How does someone become a legend?
Buddy, if I knew, I'd be one.
How did Pecos Bill learn to rope cyclones? What possessed Robert Johnson to seek the devil at the crossroads? Why did Paul Bunyan first test the heft of an ax in his grip? These are mysteries not given to man to understand.
But, for young Bobby Knievel, petty crime was worth a shot.
Bobby had already developed a reputation by the time he was a freshman in high school.
In Butte, Montana, where he was born, you had to make your own entertainment. Many of the men chose to do so by, shall we say, socializing with ladies of the evening, a vice benevolently winked at, if not exactly condoned, by the Anaconda Mining Company, who preferred to have their vast number of working men's more violent tendencies rendered tender by the charms of the second sex—however it could be managed. This was, to be clear, still true by the early to mid-1950s, the era in which Bobby was prowling the hill on his bicycle and generally being a menace.
Bobby had another, although perhaps adjacent, way to have fun. In his own words, "when I was a kid, the main activity was to go up and throw rocks at the whores, bang on the doors, and have the pimps chase us down the street."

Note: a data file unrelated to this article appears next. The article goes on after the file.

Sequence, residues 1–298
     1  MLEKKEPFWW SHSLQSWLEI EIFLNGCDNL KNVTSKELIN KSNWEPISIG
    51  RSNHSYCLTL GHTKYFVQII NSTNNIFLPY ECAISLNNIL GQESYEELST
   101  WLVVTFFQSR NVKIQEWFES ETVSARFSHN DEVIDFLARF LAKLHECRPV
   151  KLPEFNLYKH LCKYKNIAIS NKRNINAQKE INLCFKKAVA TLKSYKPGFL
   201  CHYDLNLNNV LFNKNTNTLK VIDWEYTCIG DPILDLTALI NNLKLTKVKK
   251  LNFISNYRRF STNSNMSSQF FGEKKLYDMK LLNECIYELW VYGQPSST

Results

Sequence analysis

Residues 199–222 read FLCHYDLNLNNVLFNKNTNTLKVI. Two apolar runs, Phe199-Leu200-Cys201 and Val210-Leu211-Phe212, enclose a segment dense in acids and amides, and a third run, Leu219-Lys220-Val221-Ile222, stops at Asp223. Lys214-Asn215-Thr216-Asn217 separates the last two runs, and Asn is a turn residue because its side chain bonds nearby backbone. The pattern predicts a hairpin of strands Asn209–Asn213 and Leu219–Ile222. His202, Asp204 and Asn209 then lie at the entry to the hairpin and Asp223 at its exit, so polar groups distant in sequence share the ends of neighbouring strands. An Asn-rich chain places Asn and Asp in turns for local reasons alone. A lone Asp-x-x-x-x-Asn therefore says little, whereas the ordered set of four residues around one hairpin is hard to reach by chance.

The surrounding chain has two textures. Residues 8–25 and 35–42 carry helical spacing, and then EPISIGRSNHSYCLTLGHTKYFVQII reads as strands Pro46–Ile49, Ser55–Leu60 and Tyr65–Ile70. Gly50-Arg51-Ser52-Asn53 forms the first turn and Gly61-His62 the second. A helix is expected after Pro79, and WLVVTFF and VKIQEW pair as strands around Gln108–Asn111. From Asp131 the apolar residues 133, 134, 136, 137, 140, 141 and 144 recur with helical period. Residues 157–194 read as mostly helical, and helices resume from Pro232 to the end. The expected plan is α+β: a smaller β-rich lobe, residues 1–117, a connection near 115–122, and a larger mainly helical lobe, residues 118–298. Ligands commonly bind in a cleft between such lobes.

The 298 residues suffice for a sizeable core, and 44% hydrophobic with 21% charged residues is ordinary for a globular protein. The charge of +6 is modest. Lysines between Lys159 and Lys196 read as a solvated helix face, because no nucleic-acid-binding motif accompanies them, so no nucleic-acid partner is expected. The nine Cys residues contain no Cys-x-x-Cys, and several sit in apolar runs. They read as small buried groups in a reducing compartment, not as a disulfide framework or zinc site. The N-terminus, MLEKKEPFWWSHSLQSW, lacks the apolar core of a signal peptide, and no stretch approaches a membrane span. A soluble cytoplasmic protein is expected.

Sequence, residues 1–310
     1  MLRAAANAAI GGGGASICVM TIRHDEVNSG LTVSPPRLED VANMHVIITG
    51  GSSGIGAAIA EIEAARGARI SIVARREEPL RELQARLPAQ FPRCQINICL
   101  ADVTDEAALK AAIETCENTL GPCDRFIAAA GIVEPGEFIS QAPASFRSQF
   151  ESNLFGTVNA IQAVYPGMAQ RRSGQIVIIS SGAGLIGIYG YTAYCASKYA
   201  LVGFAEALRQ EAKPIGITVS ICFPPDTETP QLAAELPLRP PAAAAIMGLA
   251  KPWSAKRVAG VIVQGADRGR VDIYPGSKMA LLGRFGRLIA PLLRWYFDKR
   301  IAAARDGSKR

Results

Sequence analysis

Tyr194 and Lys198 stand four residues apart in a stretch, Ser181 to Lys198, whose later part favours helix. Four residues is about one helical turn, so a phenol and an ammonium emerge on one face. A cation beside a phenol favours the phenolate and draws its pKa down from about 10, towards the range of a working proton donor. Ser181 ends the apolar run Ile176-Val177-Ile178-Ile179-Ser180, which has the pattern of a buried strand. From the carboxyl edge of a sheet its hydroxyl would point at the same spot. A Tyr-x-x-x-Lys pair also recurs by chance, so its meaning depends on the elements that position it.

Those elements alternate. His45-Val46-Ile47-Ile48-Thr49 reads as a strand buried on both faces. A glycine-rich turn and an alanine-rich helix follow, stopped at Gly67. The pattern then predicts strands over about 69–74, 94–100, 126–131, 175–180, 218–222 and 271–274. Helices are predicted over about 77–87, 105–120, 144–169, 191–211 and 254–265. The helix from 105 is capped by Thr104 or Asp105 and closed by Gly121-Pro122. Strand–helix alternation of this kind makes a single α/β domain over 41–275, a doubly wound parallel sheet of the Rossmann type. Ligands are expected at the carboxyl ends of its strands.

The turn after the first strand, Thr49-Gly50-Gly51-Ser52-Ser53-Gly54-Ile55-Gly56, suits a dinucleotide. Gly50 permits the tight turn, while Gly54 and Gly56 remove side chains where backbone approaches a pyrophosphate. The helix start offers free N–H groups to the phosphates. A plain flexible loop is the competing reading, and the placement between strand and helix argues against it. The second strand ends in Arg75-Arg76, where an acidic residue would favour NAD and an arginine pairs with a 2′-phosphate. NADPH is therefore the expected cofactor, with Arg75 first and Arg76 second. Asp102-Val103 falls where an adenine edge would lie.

More or less abandoned by his parents, being raised by a saintly grandmother would only do so much to keep a boy on the straight and narrow in a town which was, as he would tell The New Yorker later, full of "pimps, hayseeds and cross-roaders."
Money, in Bobby's caclulation, would keep him away from the mines. And one quick and easy way to make a little pocket money was to scope out a new car in one of the neighborhoods of Butte and relieve it of its hubcaps. Doubling back later, he would chance to meet the owner outside.
"Hey mister, your car hasn't got hubcaps. What happened?"
He would offer help in looking for the disappearing caps. Then, inevitably, it would dawn on him that he had seen a set of hubcaps just like it at home. Maybe he'd part with them for some offered price. Most of the time, the car's owner would give him something, if not the asked price, and young Bobby would go off and return with the purloined goods. He even put the hubcaps back on himself, as a service included in the price.
When he got tired of that scam, he scaled it up and did the same thing with whole sets of tires. He also discovered that the trick was easier to pull on out-of-town marks since Buttians were more likely to recognize the con.
But then Marsh's Jewelry over on Broadway, a sturdy community pillar for years, was burgled. No one knew by whom, and the mystery had the students at the high school all riled up.
Bobby, moreover, intimated to those around him that he knew something more about the burglary than the cops, and not just through the grapevine. Those around him began to wonder: had Bobby stepped up his criminal game?
Bobby began to fish around.
"Hey, if you want to buy some jewelry cheap, I've got some I need to sell fast."